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Clear Blue Sky Donating Member (1000+ posts) Send PM | Profile | Ignore Sat Aug-08-09 06:38 PM
Response to Reply #1
3. Guess the meaning of "catastrophic" is in the eye of the beholder...
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Eric J in MN Donating Member (1000+ posts) Send PM | Profile | Ignore Sat Aug-08-09 06:46 PM
Response to Reply #3
4. My plan fits the common definition.

http://www.insurance.com/article.aspx/Pros_and_Cons_of_...

Catastrophic health insurance plans—more formally known as High Deductible Health Plans (HDHPs)—were created as a way to lower overall medical costs by providing a lower monthly premium in exchange for a higher annual health insurance deductible. With catastrophic health insurance plans, you pay for almost all medical care until you reach the annual deductible amount. After that, traditional health insurance coverage begins.

Under a high deductible plan, you pay out-of-pocket for most medical bills until the total of your payments reaches the amount of your annual deductible. After that, the catastrophic health plan will cover most medical expenses, although you usually have to pay co-insurance until you reach your total out-of-pocket maximum amount. If your catastrophic health plan is eligible for a Health Savings Account (HSA), you can use the HSA funds to pay the deductible and out-of-pocket expenses. Even if you don't use an HSA, it's smart to set aside some money each month to pay for future medical expenses that you may incur. If you never need the money, it's a bonus.
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Clear Blue Sky Donating Member (1000+ posts) Send PM | Profile | Ignore Sat Aug-08-09 06:59 PM
Response to Reply #4
6. This is the kind of plan I have.
Pay out of pocket until/unless high deductible is met. Then pretty much everything covered. I've been quite happy with it.
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imdjh Donating Member (1000+ posts) Send PM | Profile | Ignore Sat Aug-08-09 06:35 PM
Response to Original message
2. That's disgusting.
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Barack_America Donating Member (1000+ posts) Send PM | Profile | Ignore Sat Aug-08-09 06:53 PM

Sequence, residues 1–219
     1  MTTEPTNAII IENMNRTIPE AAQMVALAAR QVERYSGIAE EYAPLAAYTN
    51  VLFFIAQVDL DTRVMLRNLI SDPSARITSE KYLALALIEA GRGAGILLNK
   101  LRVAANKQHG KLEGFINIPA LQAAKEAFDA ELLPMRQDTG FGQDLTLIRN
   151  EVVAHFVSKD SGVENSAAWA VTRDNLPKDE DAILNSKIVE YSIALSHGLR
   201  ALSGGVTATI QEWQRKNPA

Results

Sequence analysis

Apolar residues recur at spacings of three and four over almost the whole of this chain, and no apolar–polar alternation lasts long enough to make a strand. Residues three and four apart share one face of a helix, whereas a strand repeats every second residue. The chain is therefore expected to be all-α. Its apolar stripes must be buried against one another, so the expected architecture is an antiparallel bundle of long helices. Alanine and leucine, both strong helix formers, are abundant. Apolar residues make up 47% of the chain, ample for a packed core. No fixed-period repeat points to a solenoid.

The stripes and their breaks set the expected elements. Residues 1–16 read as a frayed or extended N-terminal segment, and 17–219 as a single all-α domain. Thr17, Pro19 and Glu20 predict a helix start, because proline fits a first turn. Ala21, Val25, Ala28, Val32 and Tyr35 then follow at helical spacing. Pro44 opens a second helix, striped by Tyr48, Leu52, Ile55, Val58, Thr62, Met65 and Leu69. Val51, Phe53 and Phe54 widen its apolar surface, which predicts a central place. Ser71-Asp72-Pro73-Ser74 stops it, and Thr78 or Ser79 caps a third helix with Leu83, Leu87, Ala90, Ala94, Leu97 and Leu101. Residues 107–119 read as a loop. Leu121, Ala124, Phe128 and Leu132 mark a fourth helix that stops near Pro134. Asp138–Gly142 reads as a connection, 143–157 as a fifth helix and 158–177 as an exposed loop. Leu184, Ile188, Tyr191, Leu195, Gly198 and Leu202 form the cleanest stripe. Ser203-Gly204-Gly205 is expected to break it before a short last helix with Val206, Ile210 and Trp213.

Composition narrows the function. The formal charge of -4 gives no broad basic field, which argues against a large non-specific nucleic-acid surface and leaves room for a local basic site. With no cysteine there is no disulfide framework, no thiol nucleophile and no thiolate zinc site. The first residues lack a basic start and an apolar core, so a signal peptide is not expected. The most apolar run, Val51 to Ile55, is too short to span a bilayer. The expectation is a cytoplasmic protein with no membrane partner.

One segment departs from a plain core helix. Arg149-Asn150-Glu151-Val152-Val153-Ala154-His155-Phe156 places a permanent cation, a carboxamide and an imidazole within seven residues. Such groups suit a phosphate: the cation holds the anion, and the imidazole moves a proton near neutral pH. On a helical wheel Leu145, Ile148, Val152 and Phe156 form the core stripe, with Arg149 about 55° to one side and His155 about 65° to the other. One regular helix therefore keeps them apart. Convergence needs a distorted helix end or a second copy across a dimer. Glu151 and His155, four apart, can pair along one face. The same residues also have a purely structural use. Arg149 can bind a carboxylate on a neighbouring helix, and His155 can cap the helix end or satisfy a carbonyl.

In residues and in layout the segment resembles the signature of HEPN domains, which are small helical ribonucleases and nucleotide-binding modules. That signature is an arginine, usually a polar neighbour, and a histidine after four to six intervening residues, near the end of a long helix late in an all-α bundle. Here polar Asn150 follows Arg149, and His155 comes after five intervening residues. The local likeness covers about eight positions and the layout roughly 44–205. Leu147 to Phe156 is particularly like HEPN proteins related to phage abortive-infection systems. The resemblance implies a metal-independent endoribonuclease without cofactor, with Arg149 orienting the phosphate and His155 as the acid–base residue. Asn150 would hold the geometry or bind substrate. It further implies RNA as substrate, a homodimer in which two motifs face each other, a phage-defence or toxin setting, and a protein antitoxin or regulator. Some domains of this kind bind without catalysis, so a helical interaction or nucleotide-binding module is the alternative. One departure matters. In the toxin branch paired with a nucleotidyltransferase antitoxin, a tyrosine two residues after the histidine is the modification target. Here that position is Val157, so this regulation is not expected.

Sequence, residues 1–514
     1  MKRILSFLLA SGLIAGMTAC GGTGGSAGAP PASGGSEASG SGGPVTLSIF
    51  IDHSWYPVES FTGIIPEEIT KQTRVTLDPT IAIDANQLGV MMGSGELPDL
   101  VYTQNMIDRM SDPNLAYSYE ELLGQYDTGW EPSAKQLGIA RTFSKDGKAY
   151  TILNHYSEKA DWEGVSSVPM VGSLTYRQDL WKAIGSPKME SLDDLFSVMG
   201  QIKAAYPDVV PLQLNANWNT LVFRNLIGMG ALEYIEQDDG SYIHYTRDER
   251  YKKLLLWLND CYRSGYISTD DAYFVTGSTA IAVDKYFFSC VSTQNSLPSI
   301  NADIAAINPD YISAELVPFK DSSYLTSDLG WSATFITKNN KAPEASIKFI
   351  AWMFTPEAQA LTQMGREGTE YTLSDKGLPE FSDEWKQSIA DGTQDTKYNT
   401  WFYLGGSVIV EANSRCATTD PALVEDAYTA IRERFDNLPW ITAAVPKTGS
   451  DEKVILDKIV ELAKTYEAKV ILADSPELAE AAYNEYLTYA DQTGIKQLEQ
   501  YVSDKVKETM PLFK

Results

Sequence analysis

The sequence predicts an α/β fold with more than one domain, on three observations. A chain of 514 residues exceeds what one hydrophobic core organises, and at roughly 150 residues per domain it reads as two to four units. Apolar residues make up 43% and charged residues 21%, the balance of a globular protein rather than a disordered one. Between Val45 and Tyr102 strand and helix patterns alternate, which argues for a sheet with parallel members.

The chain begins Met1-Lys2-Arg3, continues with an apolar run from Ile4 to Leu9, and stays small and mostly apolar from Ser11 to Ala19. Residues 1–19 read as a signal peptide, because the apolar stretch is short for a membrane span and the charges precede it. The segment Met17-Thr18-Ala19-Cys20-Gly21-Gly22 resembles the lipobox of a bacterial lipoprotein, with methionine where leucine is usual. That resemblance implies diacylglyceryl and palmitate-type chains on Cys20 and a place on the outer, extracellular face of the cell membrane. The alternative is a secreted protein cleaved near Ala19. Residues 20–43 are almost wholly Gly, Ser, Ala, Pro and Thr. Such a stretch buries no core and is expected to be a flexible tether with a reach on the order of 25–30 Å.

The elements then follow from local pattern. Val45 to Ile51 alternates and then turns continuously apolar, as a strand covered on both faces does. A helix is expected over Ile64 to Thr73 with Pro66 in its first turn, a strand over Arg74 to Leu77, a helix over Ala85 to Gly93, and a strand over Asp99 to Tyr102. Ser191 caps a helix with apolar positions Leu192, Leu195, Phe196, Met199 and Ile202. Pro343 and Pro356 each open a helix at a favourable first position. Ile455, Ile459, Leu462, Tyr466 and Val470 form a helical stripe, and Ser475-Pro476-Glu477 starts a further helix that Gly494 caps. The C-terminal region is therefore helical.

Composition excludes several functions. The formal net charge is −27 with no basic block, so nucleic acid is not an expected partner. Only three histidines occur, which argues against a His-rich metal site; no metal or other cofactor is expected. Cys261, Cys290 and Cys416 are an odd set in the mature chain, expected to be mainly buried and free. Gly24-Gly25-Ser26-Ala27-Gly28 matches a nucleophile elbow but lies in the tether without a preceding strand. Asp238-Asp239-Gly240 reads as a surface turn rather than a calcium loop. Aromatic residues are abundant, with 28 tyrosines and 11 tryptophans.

Response to Original message
5. That's a lifetime cap, too. One inpatient stay and you're likely out of $.
Also, it doesn't cover outpatient visits, iirc.

I was looking into the two plans that could cover my mother, who lives down in FL and doesn't have health insurance. We decided it wasn't worth it.
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defendandprotect Donating Member (1000+ posts) Send PM | Profile | Ignore Sat Aug-08-09 10:04 PM
Response to Original message
7. k i c k
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Shagbark Hickory Donating Member (1000+ posts) Send PM | Profile | Ignore Sat Aug-08-09 11:00 PM
Response to Original message
8. That's rediculous. You might as well stuff $200 a month into a savings account.
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madfloridian Donating Member (1000+ posts) Send PM | Profile | Ignore Sun Aug-09-09 10:23 AM
Response to Reply #8
9. Yes, it is ridiculous.
I can't believe Crist is bragging about that insurance program. But then since he is running for congress, he has nearly sold the state out to get campaign donors.
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Shagbark Hickory Donating Member (1000+ posts) Send PM | Profile | Ignore Sun Aug-09-09 02:09 PM
Response to Reply #9
10. Well between that horsecrap and the lack of jobs there sure seems to be a mass exodus from FL nt
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hunter Donating Member (1000+ posts) Send PM | Profile | Ignore Sun Aug-09-09 03:19 PM
Response to Reply #8
14. You might as well spend spend $200 a month on lottery tickets.
For anything "catastrophic" $25,000 is as good as nothing.

At least with the lottery tickets you've got some small chance of winning something.

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Vinca Donating Member (1000+ posts) Send PM | Profile | Ignore Sun Aug-09-09 02:22 PM
Response to Original message